Jesus answers, ‘I tell you, not seven times, but seventy times seven.” (Matthew 18:21-22, NIV)
Jesus also warns the disciples that if they are unwilling to forgive others, then they should not expect God to be willing to forgive their many sins against Him.
Think carefully on this — Jesus is actually saying that if we are capable of forgiving an infinite number of sins against us, God is even more capable and definitely more willing to forgive an infinite number of sins against Him.
Listening to NPR last week, I heard a story about marketing failures and marketing successes. One product mention is Febreze which initially was a dud. Febreze is an odor-eliminator. People didn’t buy it even though it is effective in completely eliminating foul odors in the air and on surfaces.
So the makers of Febreze developed scents “powerful enough to overcome” (per NPR) its odor elimination. I venture to say they made it a less effective product. Otherwise how could a scent overwhelm its total odor elimination?
And guess what? People bought it, not a little but a lot!
Father God, help us not to settle or even desire the second best in life. Help us to see that Your Son’s blood is powerful enough and totally effective in sin-elimination. No flowery scents are necessary! In Jesus’ Name, amen.
For the past nine days, I’ve seen a marked drop-off in visits to Grace Partakers, and a bit – well, that may be stretching the truth — of an increase here at obsecrations. When things are going along merrily and then suddenly not, I take pause. Have I done something to displease others? Wait. That doesn’t really matter compared to the key question: Have I done something to offend the Holy Spirit? I can’t even imagine going through a full day without offending God’s Holy Spirit here and there, so the critical question: Have I done something to offend the Holy Spirit without confessing it? Yes. I imagine so.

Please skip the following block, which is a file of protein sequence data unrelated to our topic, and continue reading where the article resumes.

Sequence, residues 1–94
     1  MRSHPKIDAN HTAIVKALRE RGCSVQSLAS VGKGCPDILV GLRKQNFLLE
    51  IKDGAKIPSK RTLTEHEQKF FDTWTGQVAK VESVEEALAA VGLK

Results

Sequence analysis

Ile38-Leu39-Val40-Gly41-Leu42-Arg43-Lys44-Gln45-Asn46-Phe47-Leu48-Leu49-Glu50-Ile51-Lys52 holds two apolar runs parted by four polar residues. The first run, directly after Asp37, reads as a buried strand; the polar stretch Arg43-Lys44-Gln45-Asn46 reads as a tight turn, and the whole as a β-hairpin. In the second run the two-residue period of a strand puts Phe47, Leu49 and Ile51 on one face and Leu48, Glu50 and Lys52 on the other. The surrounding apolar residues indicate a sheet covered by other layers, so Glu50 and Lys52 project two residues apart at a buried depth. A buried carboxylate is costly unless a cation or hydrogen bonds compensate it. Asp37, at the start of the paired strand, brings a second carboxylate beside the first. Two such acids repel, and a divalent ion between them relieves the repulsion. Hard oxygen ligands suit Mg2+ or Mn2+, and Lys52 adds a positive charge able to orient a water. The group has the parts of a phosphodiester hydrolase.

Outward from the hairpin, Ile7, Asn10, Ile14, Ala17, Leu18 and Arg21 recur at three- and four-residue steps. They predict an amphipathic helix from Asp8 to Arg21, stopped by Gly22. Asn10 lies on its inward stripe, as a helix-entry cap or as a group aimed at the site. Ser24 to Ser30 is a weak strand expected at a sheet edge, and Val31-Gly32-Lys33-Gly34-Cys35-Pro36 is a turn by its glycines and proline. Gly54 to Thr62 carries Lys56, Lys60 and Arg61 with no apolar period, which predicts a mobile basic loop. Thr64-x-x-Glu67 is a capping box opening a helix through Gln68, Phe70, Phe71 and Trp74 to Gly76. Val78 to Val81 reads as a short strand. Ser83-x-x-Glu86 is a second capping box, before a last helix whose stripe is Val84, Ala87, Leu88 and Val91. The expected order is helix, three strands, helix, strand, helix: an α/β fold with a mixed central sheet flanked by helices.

Sometimes, it’s quite obvious what I’ve done to offend. Other times, I’m not so sure. Things that I believe offend Him most include: spiritual pride, arrogance, hatred, self-hatred, envy, jealousy, rage, depression, loneliness. I can almost hear you protest — depression? Loneliness?
I’m going to let that percolate in your own minds for a while before coming back to those ‘sins’ later; perhaps much later.
Oh — please forgive me.
“All wicked men’s pains and contrivance which they use to escape hell, while they continue to reject Christ, and so remain wicked men, do not secure them from hell one moment. Almost every natural man that hears of hell, flatters himself that he shall escape it; he depends upon himself for his own security; he flatters himself in what he has done, in what he is now doing, or what he intends to do. Every one lays out matters in his own mind how he shall avoid damnation, and flatters himself that he contrives well for himself, and that his schemes will not fail.” (Jonathan Edwards, 1741)
The author of Hebrews gives us a wonderful account of Old Covenant saints who followed God by faith, concluding that “the world was not worthy of them.” (Hebrews 11:38, NIV) Then rather abruptly, the author writes of our obligation — in light of “such a great cloud of witnesses” to “throw off everything that hinders and the sin that so easily entangles.” (Hebrews 12:1) After all, this is what the Old Covenant saints did. They disentangled themselves from their sins, and “ran with perseverance the race marked out for [them].” (Hebrews 12:1) Their very “weaknesses were turned into strengths.” (Hebrews 11:34)
The author reminds us,
“In your struggle against sin, you have not yet resisted to the point of shedding your blood. And you have forgotten that word of encouragement that addresses you as sons: ‘My son, do not make light of the Lord’s discipline, and do not lose heart when He rebukes you, because the Lord disciplines those He loves, and He punishes everyone He accepts as a son.'” (Hebrews 12:4-6)
The author of Hebrews encourages us to endure hardship as proof of God’s acceptance of us, pointing to the Old Covenant saints who endured the mouths of lions, the fury of flames, the edge of the sword, torture, chains, prison, jeers, floggings, stonings, poverty and wanderings.
A favorite New Covenant saint of mine is Agapius: